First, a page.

She's leaving home today, to help defend us all

She’s leaving home today.

She’s leaving behind her husband and three children, a pair of boys ages 10 and 9, and a little girl, 6.

She likewise will leave behind her wifely and motherly responsibilities — cooking, cleaning, loving, nurturing, she’s putting all that behind her, stepping out into a brave new world.

She is chucking it all for a life that could prove far more exciting than her normal day-to-day routine.

She has known for some time this was coming, in fact was counting down the days, preparing herself both physically and mentally for this new chapter in her young life.

One track on the Beatles’ “Sgt. Pepper’s Lonely Hearts Club Band” album is “She’s Leaving Home.” Among that song’s poignant lyrics are the words, “Wednesday morning at five o’clock as the day begins, silently closing her bedroom door, leaving the note that she hoped would say more. She goes downstairs to the kitchen, clutching her handkerchief, quietly turning the backdoor key, stepping outside, she is free.”

But unlike the young woman featured in the song’s lyrics, the heroine of our story is not sneaking out in the wee hours, not running away from anything, but she is doing it for freedom, ours as much as hers.

Like millions that have gone before her throughout this country’s storied history, she is answering her nation’s call to go and fight on foreign soil.

In case you have forgotten we are at war. Yes, we are at war with ourselves, to be sure, as well as with a virus that has morphed beyond a public health crisis to become a focal point in our civil differences. Regardless we remain in a real-life, honest-to-goodness shooting war in the far-off land of Afghanistan.

They have drawn down the number of U.S. troops in Afghanistan of late, but there are still a few thousand American men and women in uniform standing in harm’s way a half a world away.

And soon she will be one of them. This Air Force personnelist who normally does her work with a computer, dealing with issues of pay, benefits and travel, nevertheless had to be trained to fire an M-4, to drive a Humvee, to subsist on MREs prior to her departure. She’s been wounded already, picking up a nasty bruise from a simulated round during weapons training.

She will be away for six months, an eternity in the lives of her young children. She will miss holidays, a birthday and other important occasions and milestones.

But such is the lot of the military family. Her husband, like her an Air Force technical sergeant, understands and realizes that he, too, may face a similar assignment someday.

But the children — ah, the children. How do you explain to one so young that mommy won’t be home for many, many sleeps? How do you explain that while you can see mommy via Skype or FaceTime (though doing so will be difficult given the 10 hour and 30 minute time difference), there will be no hugs for six months, no kisses.

While you are fussing over the recent election or fuming because you have to wear a mask, give a thought to those who are fighting to keep this nation free, still fighting the longest war in American history, a conflict that began 19 years ago, when the airman in question was a small girl.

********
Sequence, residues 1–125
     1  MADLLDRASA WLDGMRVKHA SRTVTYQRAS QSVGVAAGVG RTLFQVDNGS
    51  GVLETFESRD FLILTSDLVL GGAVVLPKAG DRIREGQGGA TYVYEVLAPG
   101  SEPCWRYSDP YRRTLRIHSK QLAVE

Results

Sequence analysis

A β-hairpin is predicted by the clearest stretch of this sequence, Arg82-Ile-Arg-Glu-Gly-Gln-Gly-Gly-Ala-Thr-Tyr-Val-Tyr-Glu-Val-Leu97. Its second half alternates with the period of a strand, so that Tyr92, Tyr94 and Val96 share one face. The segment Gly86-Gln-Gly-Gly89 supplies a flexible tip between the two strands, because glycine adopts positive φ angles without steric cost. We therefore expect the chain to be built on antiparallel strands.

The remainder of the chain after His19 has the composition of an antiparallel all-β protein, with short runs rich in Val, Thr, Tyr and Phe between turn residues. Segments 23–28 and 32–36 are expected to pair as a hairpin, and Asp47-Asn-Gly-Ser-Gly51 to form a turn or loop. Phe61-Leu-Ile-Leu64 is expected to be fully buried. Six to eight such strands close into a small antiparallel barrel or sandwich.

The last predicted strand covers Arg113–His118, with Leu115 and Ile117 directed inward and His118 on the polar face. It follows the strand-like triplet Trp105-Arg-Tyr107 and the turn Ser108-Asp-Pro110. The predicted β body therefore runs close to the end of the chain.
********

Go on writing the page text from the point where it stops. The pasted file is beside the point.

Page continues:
We will pause to honor our veterans on Wednesday, Veterans Day. On that day we recall the sacrifices of all who have served this country, at home and abroad, but with a special nod to those who watched the stars and stripes wave in the breeze of a far-flung land, those who traded civilian garb for some shade of blue, olive drab or mottled camouflage, who put their lives on hold to fight on the world’s oceans and beaches, in its forests, fields and cities.

But we should also give a thought this Veterans Day to those who are currently serving, both at home and abroad.

She is one of them. She is certainly not unique, save for the fact she is a valued member of our family. She is funny. She is sweet. She is smart as a whip.

There is a picture of her on a visit to Enid with her family years ago, at the old Comet Go-Carts, racing her two older brothers and her dad. The photo is of her taking a corner at speed, her teeth clenched and her eyes wide, obviously scared to death, but unwilling to lift her foot lest she fall behind. That sums up her personality perfectly.

We don’t pay much attention to the war in Afghanistan any more. It doesn’t affect us, so we ignore it, just as we ignore the fact service men and women are leaving home every day, leaving their families and their real lives behind because they are doing their duty, sacrificing so we won’t have to.

To them all, and in particular to one special airman who knows who she is, we say a heartfelt thank you.

She’s leaving home today. Godspeed, young lady.

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Mullin is an award-winning writer and columnist who retired in 2017 after 41 years with the News & Eagle. Email him at or write him in care of the Enid News & Eagle at PO Box 1192, Enid, OK, 73702.

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